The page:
Longtime Johns Hopkins researcher Richard T. Johnson, 'inventor' of neurovirology, dies at 84
He was a School of Medicine faculty member for nearly three decades
Richard T. Johnson, an internationally renowned Johns Hopkins neurologist who is credited with inventing the field of neurovirology—the study of viruses that infect the nervous system—died at The Johns Hopkins Hospital on Sunday of pneumonia. He was 84 and had been active up until the last weeks of his life, giving lectures at medical centers around the nation and overseas.
A member of the Johns Hopkins University School of Medicine faculty from 1969 to 1997, Johnson served as director of the Department of Neurology from 1988 until 1997 and also had a joint appointment in the Department of Immunology and Infectious Diseases in JHU's Bloomberg School of Public Health. He mentored more than 55 postdoctoral fellows in virology, neurology, immunology, and neurovirology, with at least 10 of them going on to become heads of their own departments, and he served on the faculties of medical schools in Australia, Germany, Iran, Peru, and Thailand.
"He influenced literally hundreds, if not thousands, of medical students, undergraduates, and postdoctoral fellows through his charismatic and spell-binding lectures, and through direct mentoring," says Justin McArthur, the current head of Johns Hopkins' Department of Neurology.
"Many people considered him a 'mentor's mentor' because of his insight, perseverance, and dogged enthusiasm for his trainees."
A native of Colorado, Johnson earned his bachelor's degree with honors at the University of Colorado Boulder, in 1953, and his medical degree at the University of Colorado School of Medicine, Denver, in 1956. An excellent ballroom dancer, he helped pay his way through college by teaching dancing.
Completing his internship in medicine at Stanford University Hospitals in San Francisco, he worked as a clinical pathologist in the Department of Virus Diseases at the Walter Reed Army Institute of Research, where his interest in the origin of viral diseases and infections of the central nervous system began. He then completed a residency and fellowship in neurology and neuropathology at Massachusetts General Hospital.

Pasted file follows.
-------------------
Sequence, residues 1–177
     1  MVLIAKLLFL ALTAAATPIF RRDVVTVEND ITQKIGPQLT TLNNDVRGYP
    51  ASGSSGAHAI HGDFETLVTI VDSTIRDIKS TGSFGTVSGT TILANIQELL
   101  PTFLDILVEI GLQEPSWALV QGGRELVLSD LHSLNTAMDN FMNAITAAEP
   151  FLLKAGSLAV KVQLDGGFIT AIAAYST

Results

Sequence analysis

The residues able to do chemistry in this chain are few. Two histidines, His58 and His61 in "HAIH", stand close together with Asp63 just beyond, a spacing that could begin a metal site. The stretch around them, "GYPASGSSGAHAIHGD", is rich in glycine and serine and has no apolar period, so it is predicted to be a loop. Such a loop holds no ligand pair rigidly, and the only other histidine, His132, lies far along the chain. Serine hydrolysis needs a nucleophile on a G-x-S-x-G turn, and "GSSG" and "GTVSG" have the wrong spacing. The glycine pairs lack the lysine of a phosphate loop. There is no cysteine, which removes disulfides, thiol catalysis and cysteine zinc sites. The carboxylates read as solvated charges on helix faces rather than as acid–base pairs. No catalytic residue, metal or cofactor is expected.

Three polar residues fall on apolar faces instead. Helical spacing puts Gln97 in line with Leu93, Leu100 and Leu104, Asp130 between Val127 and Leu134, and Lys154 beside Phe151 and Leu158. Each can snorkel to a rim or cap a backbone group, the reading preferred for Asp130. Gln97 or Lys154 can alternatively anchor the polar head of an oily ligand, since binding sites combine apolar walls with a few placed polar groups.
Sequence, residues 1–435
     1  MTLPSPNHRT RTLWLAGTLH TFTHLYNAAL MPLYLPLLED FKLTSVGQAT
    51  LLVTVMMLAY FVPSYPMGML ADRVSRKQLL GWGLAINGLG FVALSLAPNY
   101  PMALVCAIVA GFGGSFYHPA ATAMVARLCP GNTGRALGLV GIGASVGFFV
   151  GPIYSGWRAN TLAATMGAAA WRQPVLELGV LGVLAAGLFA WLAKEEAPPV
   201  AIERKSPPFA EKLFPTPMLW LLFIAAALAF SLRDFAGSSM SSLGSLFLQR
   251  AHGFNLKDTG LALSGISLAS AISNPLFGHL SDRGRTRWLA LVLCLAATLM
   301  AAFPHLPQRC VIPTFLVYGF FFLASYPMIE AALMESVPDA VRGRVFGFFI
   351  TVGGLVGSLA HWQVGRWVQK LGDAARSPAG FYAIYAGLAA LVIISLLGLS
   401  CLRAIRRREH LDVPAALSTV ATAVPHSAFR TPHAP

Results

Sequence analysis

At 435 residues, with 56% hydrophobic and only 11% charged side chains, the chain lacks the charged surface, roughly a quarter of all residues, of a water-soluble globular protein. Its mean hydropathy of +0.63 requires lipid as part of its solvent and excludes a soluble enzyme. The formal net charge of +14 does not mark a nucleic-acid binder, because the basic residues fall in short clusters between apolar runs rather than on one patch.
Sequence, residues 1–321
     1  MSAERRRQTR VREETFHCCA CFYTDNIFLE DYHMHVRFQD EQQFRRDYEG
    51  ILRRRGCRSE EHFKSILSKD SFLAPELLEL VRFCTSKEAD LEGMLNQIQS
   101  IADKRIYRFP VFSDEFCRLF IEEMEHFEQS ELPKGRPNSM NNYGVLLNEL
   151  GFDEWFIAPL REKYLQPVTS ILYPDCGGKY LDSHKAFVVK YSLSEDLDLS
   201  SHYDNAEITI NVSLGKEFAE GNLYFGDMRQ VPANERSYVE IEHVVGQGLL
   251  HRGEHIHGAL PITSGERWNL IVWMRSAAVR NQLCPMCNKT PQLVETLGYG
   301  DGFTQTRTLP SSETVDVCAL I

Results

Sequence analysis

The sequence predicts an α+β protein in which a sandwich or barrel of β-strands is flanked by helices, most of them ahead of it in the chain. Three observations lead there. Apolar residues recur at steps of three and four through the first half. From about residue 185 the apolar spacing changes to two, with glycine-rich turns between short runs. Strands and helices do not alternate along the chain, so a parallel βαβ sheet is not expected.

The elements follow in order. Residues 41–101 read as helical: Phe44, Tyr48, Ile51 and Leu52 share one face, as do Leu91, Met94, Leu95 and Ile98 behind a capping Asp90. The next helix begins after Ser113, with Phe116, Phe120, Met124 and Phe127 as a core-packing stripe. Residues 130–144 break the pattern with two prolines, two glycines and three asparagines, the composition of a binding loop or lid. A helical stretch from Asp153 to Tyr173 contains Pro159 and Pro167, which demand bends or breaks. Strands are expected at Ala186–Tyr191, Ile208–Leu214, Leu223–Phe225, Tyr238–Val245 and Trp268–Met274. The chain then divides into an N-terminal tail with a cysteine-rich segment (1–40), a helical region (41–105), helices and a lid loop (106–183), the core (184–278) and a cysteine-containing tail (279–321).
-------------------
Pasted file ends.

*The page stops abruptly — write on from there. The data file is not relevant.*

Additional teaching and research in Great Britain and Australia led to appointment to the department of neurology at Case Western Reserve University School of Medicine in 1964. It was from there that he was recruited to come to Johns Hopkins in 1969 to join Guy McKhann of Stanford to found Johns Hopkins' Department of Neurology.
McKhann, a Yale medical school graduate and one-time pediatric resident at Hopkins, recalls that the search committee for the first director of Johns Hopkins neurology was headed by Vernon Mountcastle, the legendary founder of neuroscience, and after much deliberation he had "narrowed the field down to Dick Johnson and me.
"It was Vernon's idea to get us both, so we both arrived at Johns Hopkins and spent the rest of our careers here. I took over running the department, and Dick built up the research side."
"Dick, known as RTJ, was focused on infections of the nervous system, particularly viral infections. He essentially invented the field of neurovirology," McKhann adds. "He was involved in early studies of AIDS, the agent involved in kuru [a fatal, degenerative brain disease], mad cow disease, and in various forms of encephalitis."
McKhann says that in addition to his immense skill as a researcher, Johnson was an expert clinician. "Patients came from all over the world with mysterious infections of the nervous system to see him," he says. Johnson was also the founder of the multiple sclerosis clinic at Hopkins.